In effect, the team you put together will function as your board of directors, Ely says. You can start by having a fee-only advisor put together a long-term financial plan and running it by the group for comment. Once you’ve decided on a plan, they can provide checks and balances on each other. You can ask one of them to serve as quarterback, coordinating the group effort. That person can also play the “bad guy,” declining requests from people or organizations for gifts that you don’t want to make.
6. Invest prudently. Ely recommends putting the money in safe, short-term investments and not even touching it for the first six months. Then ask your advisors is to put together an investment portfolio divided half-and-half between equities (such as stocks) and fixed income (like bonds). Don’t fall for investments that you don’t understand or that sound too good to be true.
7. Live within a budget. Especially if you’re not accustomed to having a lot of money, it may take some discipline to preserve your winnings and not go on a wild spending spree. One way to restrain yourself is to only spend income–not principal. Especially in today’s investment world, “It takes a lot of principal to generate income and once you start spending principal, the principal quickly dissipates,” says Dennis I. Belcher, a lawyer with McGuireWoods in Richmond VA.
8. Take steps to protect assets. People who are worth a lot of money need to guard against losing assets to creditors. They include everyone from disgruntled spouses and ex-spouses to people who win lawsuits against you. If people think you have deep pockets they may look for reasons to sue. “If you win the Powerball, everyone’s going to be laying in front of your car so you can run over them so they can sue you,” says Ely. It’s prudent to ensure you are not an easy target.
The best defense is to erect a variety of roadblocks that make it difficult, if not impossible, for creditors to reach your money and property. These asset protection strategies, as they are called, can range from relying on state-law exemptions to creating multiple barriers through the use of trusts and family limited partnerships or limited liability companies. It may be possible to rely on a variety of strategies, either separately or in combination with each other.
9. Plan charitable gifts. You can offset one of the additional income from your lottery winnings (or the annuity payments if you take it that way) with an annual charitable deduction. For gifts to a public charity, donors are entitled to an income tax deduction for up to 50% of adjusted gross income (AGI) for cash contributions and up to 30% for donations of other appreciated assets held more than 12 months.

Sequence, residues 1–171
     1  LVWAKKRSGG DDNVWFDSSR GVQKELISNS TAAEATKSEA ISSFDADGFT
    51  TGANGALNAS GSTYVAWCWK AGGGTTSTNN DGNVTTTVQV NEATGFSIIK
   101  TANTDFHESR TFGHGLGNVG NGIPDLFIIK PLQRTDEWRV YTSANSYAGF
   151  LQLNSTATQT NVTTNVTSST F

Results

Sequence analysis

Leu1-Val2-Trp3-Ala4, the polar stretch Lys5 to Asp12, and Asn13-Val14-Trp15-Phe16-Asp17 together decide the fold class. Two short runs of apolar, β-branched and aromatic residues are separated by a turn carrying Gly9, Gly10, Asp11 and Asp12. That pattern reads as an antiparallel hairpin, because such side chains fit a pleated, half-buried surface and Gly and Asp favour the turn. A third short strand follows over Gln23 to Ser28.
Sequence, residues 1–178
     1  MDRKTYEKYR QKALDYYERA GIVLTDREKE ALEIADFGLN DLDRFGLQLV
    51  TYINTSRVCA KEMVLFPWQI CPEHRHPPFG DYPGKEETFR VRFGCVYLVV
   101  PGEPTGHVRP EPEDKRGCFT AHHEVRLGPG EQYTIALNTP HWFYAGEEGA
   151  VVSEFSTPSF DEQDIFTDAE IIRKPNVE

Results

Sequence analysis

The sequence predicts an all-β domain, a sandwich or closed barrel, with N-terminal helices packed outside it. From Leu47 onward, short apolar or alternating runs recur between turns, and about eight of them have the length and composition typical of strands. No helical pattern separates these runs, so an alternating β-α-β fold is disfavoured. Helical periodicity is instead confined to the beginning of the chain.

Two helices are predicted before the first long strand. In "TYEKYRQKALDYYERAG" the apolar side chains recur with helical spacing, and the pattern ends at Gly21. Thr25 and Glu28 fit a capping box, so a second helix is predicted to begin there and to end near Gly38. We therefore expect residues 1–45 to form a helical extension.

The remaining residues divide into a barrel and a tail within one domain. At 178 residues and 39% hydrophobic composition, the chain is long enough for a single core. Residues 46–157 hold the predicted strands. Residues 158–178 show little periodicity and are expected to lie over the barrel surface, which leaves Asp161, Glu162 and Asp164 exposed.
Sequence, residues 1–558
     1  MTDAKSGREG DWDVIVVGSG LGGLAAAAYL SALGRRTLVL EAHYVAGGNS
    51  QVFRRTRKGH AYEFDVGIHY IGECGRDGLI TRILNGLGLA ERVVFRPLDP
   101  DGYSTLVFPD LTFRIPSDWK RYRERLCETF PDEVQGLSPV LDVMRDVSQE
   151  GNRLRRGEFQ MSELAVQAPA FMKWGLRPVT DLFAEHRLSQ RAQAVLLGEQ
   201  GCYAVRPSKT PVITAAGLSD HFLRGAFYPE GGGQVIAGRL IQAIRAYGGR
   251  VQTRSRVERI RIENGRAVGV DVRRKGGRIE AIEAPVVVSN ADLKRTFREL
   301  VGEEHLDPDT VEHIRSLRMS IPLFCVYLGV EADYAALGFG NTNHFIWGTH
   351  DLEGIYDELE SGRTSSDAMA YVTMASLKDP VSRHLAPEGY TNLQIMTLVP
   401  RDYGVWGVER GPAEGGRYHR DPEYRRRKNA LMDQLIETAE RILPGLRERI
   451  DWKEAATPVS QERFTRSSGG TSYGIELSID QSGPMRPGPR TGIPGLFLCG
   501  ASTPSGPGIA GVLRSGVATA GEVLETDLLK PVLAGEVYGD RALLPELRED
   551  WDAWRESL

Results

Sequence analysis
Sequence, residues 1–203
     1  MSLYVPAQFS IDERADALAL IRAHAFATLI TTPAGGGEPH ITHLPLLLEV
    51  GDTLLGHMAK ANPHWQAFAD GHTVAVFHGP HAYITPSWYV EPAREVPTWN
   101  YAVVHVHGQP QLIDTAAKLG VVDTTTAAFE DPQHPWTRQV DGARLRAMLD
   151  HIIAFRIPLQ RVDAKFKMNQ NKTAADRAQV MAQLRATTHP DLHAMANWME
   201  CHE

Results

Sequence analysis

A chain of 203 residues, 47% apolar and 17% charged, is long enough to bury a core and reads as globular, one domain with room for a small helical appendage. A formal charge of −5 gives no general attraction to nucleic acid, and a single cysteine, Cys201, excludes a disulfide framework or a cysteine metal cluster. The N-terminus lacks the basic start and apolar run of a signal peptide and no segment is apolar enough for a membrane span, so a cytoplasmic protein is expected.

If you are take the $1.5 billion prize in a $930 million lump sum, and are unable to decide between now and year-end which charities to support, it may be worth considering a donor-advised fund. With a donor-advised fund, you can make a charitable donation this year and claim a federal tax deduction for your irrevocable contribution but postpone recommendations about which charities should receive grants from the account until some time in the future. If you don’t want to be badgered by requests, see my post, “How To Stay Anonymous When You Give To Charity.”
10. Review your estate plan. If your winnings have made you suddenly wealthy, this may be the first time that you need to plan for estate tax. The 2012 tax law offers more flexibility than ever before. As of 2016, each person has a $5.45 million limit on tax-free transfers, which can be applied during life, when you die or some combination of the two. So if you want to share some of your largess with family and friends, this is the ideal time to do that. For details, see my posts, “6 Ways To Give Family And Friends Financial Aid” and “Give Your Estate Plan a Checkup.”
I’m a financial journalist and author with experience as a lawyer, speaker and entrepreneur. As a senior editor at Forbes, I have covered the broad range of topics that…
I’m a financial journalist and author with experience as a lawyer, speaker and entrepreneur. As a senior editor at Forbes, I have covered the broad range of topics that affect boomers as they approach retirement age. That means everything from financial strategies and investment scams to working and living better as we get older. My most recent book is Estate Planning Smarts — a guide for baby boomers and their parents. If you have story ideas or tips, please e-mail me at: deborah [at] estateplanningsmarts [dot] com. You can also follow me on Twitter
If you didn’t have smart money habits up until now, you could quickly squander the fortune.
The Lottery: Is It Ever Worth Playing?
Feeling lucky? You’d better be if you play the lottery. Depending on which one you play, you have some pretty long odds.
For example, the odds of winning a recent Powerball drawing in Tennessee was 1 in 292.2 million. To put this in perspective, you have a:
- One in 2,320,000 chance of being killed by lightning
- One in 3,441,325 chance of dying after coming into contact with a venomous animal or plant
- One in 10 million chance of being struck by falling airplane parts
Most people would agree the risk of any of these events actually happening to them is pretty slim.
Let’s look at it another way. Assume you went to the largest stadium in the world—which happens to be in North Korea. The stadium was filled to capacity. As part of the price of your ticket, you were entered into a lottery where you could win a new car. In that case, your odds of winning are 1 in 150,000.
Would you be sitting on the edge of your seat in that stadium as they’re reading the ticket number or would you believe that, realistically, you’re not going to win? To equal the odds of winning the Powerball lottery, you would have to fill that same stadium to capacity 1,947 more times and put all of those people together and have the same drawing for the one car. Would anybody believe they could actually win in a crowd of people that large?